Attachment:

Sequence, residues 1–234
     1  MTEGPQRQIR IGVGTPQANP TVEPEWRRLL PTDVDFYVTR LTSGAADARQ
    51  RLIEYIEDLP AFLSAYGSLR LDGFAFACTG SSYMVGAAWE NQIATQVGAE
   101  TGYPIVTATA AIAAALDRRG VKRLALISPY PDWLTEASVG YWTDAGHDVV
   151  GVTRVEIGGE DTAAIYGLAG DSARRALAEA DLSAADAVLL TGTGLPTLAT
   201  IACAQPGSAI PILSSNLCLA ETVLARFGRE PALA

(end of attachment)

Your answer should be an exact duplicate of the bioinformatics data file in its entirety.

Sequence, residues 1–234
     1  MTEGPQRQIR IGVGTPQANP TVEPEWRRLL PTDVDFYVTR LTSGAADARQ
    51  RLIEYIEDLP AFLSAYGSLR LDGFAFACTG SSYMVGAAWE NQIATQVGAE
   101  TGYPIVTATA AIAAALDRRG VKRLALISPY PDWLTEASVG YWTDAGHDVV
   151  GVTRVEIGGE DTAAIYGLAG DSARRALAEA DLSAADAVLL TGTGLPTLAT
   201  IACAQPGSAI PILSSNLCLA ETVLARFGRE PALA